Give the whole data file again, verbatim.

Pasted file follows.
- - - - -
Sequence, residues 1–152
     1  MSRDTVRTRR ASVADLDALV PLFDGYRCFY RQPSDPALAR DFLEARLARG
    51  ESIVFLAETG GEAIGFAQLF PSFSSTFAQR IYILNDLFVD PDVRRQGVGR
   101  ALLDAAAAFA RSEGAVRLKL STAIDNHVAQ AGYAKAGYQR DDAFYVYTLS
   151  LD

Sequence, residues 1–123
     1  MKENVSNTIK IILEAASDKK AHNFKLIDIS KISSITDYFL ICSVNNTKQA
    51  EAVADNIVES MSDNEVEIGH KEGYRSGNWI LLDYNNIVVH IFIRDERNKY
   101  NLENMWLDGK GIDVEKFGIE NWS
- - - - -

Sequence, residues 1–152
     1  MSRDTVRTRR ASVADLDALV PLFDGYRCFY RQPSDPALAR DFLEARLARG
    51  ESIVFLAETG GEAIGFAQLF PSFSSTFAQR IYILNDLFVD PDVRRQGVGR
   101  ALLDAAAAFA RSEGAVRLKL STAIDNHVAQ AGYAKAGYQR DDAFYVYTLS
   151  LD

Sequence, residues 1–123
     1  MKENVSNTIK IILEAASDKK AHNFKLIDIS KISSITDYFL ICSVNNTKQA
    51  EAVADNIVES MSDNEVEIGH KEGYRSGNWI LLDYNNIVVH IFIRDERNKY
   101  NLENMWLDGK GIDVEKFGIE NWS